Regina Schwartz ~ Northwestern University
Milton and Idolatry

Milton was preoccupied with idolatry from the beginning of his literary career, from the "Nativity Ode" to its end, in Samson Agonistes, and throughout his political and religious prose, he inveighed against idolaters for enslaving the mind, the will, and nation. For him, regicide was justified because the idolatrous King enslaved his subjects. But Milton also authored the great tract on free speech, Areopagitica, that was to become one of the cornerstones of the U.S. First Amendment's commitment to liberty and toleration. As spokesman for liberty, he seems embarrassingly bigoted when he inveighs against Catholics. As such, Milton brings a contemporary question into clear focus: is idolatry only the name we give to our enemies, a mystification for intolerance? Or is there some concept of enslavement, of error, of falsehood, that is still a legitimate category for evaluation? If so, how do we know idolaters when we see them?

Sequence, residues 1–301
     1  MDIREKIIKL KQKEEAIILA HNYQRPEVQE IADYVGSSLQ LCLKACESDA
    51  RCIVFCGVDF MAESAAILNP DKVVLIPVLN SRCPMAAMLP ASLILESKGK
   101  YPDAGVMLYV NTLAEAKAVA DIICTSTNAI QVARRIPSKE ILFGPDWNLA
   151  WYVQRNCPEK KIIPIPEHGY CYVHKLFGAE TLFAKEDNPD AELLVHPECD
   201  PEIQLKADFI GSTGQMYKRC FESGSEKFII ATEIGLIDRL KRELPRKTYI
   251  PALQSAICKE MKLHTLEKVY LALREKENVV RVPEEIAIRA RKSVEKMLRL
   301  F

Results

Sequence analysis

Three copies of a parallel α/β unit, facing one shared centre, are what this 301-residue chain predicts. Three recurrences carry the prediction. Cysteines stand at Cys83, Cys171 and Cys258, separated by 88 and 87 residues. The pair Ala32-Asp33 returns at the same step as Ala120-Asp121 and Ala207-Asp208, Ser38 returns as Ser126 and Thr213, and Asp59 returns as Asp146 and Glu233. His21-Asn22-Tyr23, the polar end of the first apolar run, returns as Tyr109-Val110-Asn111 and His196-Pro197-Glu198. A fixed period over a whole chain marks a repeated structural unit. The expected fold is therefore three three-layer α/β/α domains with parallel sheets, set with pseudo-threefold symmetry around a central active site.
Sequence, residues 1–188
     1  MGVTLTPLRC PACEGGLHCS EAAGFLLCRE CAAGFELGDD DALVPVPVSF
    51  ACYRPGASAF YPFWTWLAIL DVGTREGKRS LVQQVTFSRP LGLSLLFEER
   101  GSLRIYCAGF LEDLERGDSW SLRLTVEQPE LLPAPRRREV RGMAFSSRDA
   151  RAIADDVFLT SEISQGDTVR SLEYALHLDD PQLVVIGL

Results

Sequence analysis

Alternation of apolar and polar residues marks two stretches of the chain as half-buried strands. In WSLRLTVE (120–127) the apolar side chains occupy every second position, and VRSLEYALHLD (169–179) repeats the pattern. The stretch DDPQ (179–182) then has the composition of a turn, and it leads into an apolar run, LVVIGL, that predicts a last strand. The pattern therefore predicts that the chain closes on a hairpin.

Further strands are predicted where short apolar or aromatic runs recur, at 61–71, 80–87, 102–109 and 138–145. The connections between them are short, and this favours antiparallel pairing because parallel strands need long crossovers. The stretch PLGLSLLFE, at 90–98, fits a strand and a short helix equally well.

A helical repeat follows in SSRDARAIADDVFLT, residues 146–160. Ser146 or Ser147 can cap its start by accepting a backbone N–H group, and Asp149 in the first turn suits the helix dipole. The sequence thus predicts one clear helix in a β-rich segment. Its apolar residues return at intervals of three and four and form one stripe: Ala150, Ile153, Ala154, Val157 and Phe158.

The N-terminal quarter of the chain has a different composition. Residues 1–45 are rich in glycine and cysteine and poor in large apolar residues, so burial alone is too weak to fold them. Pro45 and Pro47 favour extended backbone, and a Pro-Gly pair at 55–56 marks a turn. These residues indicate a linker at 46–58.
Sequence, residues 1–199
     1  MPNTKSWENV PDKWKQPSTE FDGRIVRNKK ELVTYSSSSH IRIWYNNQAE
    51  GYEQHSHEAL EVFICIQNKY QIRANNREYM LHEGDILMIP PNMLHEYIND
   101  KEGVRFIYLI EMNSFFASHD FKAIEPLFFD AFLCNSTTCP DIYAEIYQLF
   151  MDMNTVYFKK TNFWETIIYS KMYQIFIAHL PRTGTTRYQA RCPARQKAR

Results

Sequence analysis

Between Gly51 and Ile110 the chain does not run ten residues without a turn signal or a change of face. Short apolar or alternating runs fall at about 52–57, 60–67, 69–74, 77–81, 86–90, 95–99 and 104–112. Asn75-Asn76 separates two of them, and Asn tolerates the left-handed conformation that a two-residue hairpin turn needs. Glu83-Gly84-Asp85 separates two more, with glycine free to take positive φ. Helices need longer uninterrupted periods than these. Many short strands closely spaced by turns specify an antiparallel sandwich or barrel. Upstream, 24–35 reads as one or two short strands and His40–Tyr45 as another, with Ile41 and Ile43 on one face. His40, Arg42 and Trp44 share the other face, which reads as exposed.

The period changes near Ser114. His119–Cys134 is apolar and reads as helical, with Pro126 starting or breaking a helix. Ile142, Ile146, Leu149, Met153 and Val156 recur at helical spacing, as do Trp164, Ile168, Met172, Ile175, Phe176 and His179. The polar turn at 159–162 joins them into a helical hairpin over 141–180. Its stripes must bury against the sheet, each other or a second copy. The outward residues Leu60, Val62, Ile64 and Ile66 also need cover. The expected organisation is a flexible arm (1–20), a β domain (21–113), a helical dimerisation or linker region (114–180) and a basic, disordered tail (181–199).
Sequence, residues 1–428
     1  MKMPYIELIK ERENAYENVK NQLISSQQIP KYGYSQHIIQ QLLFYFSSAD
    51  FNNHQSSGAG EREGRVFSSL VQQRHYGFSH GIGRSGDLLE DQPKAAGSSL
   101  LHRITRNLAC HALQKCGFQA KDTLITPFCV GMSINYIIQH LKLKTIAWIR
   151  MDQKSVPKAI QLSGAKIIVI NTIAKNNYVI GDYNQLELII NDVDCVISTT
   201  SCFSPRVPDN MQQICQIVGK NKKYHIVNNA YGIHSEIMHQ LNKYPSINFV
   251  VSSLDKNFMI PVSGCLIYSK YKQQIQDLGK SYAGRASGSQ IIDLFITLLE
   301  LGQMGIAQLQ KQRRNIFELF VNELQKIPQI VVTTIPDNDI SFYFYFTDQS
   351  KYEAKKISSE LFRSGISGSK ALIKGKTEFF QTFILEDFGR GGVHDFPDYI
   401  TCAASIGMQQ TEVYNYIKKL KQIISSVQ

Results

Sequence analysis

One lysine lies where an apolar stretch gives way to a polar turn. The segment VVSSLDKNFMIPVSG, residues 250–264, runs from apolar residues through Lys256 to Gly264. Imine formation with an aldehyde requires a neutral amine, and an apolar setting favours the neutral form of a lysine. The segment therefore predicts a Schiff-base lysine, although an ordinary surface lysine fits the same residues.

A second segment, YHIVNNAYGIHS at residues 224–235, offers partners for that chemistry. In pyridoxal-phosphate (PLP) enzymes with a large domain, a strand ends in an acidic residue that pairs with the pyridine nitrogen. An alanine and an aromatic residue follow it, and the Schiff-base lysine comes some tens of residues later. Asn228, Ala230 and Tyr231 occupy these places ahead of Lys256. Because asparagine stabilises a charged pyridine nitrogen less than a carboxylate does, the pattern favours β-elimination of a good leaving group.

Respondent: Dennis Danielson ~ University of British Columbia